Tracing the continuing development of Part L
Published: 04 July, 2013
The current Building Regulations were laid in 2010, and include Part L, ‘Conservation of fuel and power’, supported by four approved documents giving guidance on how to comply with the regulations, as well as two compliance guides. But Part L was once a simpler creation. Hywel Davies of CIBSE explains the history.
Regulation of energy use in buildings is a complicated and increasingly controversial topic. But it is not new. As long ago as 1962 provisions were made to control condensation in buildings, with implications for energy use. In 1972 this extended to energy-conservation measures in homes, and then, in 1974, following some difficulty with energy supply, these were extended to non-domestic buildings.
The cornerstone of the current system of building regulations is the 1984 Building Act, which received Royal Assent on 31 October 1984, with most of its provisions came into force on 1 December that year. The act was a major streamlining of many local regulations and London Building Acts, and aimed to consolidate these into one single piece of legislation. Section 1 of the act gave powers to the Secretary of State to make Building Regulations ‘for the purposes of securing the health, safety, welfare and convenience of persons in or about buildings…, [and] furthering the conservation of fuel and power’.
This covers Part L, which is part of a table in Schedule I of the Regulations. Initially Part L 1985 was a ‘functional requirement’ to ‘make reasonable provision for the conservation of fuel and power’, with a simple approved document giving guidance on how to comply. This largely entailed use of the elemental approach to fabric efficiency, since renewables at the time were still considered rather ‘alternative’.
Part L was updated in 1995 and then again in 2002. It focused initially on energy efficiency and then in 2002 on CO2. In 2002 the approved document was also divided into domestic and non-domestic sections — ADL1 and ADL2, respectively, and for non-domestic buildings a carbon performance calculation methodology was introduced, for those who wanted to adopt such an approach.
Then, in 2003, the Energy Performance of Buildings Directive (EPBD) was adopted. This required EU member states to adopt a whole-building calculation method for assessing the carbon emissions of new buildings and gave them three years in which to do this. And so the whole-building carbon emissions calculation became a requirement, not an option. To deliver it, the Simplified Building Energy Model, SBEM, was created.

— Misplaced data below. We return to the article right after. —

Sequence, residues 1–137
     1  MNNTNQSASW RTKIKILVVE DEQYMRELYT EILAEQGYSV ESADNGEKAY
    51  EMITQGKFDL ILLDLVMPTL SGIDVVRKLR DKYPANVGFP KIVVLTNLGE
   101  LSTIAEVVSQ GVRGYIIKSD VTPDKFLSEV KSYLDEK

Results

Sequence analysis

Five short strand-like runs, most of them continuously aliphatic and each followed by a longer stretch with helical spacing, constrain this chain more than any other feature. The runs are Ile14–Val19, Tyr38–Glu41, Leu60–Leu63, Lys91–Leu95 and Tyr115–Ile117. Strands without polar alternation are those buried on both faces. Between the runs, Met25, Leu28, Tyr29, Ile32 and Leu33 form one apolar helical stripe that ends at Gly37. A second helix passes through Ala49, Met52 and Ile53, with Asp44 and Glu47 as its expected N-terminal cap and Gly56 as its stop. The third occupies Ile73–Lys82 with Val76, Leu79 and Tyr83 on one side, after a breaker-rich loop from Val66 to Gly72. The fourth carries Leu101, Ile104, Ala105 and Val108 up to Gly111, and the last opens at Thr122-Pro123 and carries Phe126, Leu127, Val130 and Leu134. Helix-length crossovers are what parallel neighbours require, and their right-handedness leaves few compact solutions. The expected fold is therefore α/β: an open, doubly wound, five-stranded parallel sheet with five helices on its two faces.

In 2006 Part L underwent a revolution. Out went the elemental method, in came SBEM (or, for dwellings, SAP) as the way to show compliance. For SBEM this required calculation of carbon emissions and comparison with a ‘notional building’.
To assist the industry, the approved documents divided again, this time into ADL1A and ADL2A for new domestic and non-domestic buildings, with ADL1B and ADL2B for refurbishment in the respective buildings. To assist further, a domestic and non-domestic compliance guides were adopted, giving additional guidance on how to follow the new whole-building EPBD regime.
It is perhaps easy to forget that Part L 2006 was the biggest change to energy-conservation requirements in buildings in over 20 years and, arguably, the biggest single set of changes ever adopted in one set of regulations. At a stroke it did away with the elemental method beloved of many smaller builders, and brought in a small army of SAP assessors. It also introduced carbon-emissions targets for non-domestic buildings, rather than just energy-efficiency requirements.
It is also easy to forget that at that time the ‘Merton rule’ was making waves, with local-authority planners prescribing requirements for a certain percentage of energy on a development to be delivered from on-site renewables. Whilst it was adopted from the best of intentions, and to drive the uptake of such technologies, it had the unintended side effect that a building that met Part L by being a good passive building using less energy and emitting less carbon could still fall foul of planning. And sometimes the solution was to install ‘renewable’ systems to satisfy the planners, which in practice were not effectively commissioned (allegedly not even connected in some cases) and either operated badly, or not operated at all, whilst a less effective and higher emissions back-up was used routinely.
Now, as we debate the road to ‘zero carbon’, such development-specific additional requirements are a far greater concern. There is a real risk that these additional requirements, outwith the Building Regulations, will drive outcomes which may not lead to reasonable provision for the conservation of fuel and power, but undermine good fabric design in pursuit of renewables — forgetting the original functional requirement to be energy efficient and attempting to second guess designers. Perhaps, almost 30 years on from the 1984 Building Act, we need another look at how we deliver a single coherent set of technical building regulations in England.
Hywel Davies is technical director with the Chartered Institution of Building Services Engineers.